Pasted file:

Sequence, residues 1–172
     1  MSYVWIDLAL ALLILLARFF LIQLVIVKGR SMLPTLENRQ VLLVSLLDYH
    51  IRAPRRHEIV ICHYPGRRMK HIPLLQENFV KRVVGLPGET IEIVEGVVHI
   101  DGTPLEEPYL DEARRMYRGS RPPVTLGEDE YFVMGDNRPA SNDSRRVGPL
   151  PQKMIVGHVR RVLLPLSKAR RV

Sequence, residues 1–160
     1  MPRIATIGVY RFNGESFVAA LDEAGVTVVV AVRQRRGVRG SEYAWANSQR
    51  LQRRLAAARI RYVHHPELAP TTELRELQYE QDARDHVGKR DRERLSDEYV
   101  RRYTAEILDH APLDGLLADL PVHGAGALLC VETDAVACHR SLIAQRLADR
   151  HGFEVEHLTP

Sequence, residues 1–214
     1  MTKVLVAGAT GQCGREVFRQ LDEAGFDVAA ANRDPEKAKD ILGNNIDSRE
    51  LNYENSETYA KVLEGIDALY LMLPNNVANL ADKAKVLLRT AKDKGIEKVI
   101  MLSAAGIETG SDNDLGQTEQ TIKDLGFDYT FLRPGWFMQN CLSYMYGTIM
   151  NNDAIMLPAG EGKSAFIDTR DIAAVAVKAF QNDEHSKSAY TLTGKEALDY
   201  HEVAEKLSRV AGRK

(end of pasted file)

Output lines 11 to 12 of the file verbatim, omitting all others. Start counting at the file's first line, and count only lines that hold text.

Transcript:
Sequence, residues 1–214
     1  MTKVLVAGAT GQCGREVFRQ LDEAGFDVAA ANRDPEKAKD ILGNNIDSRE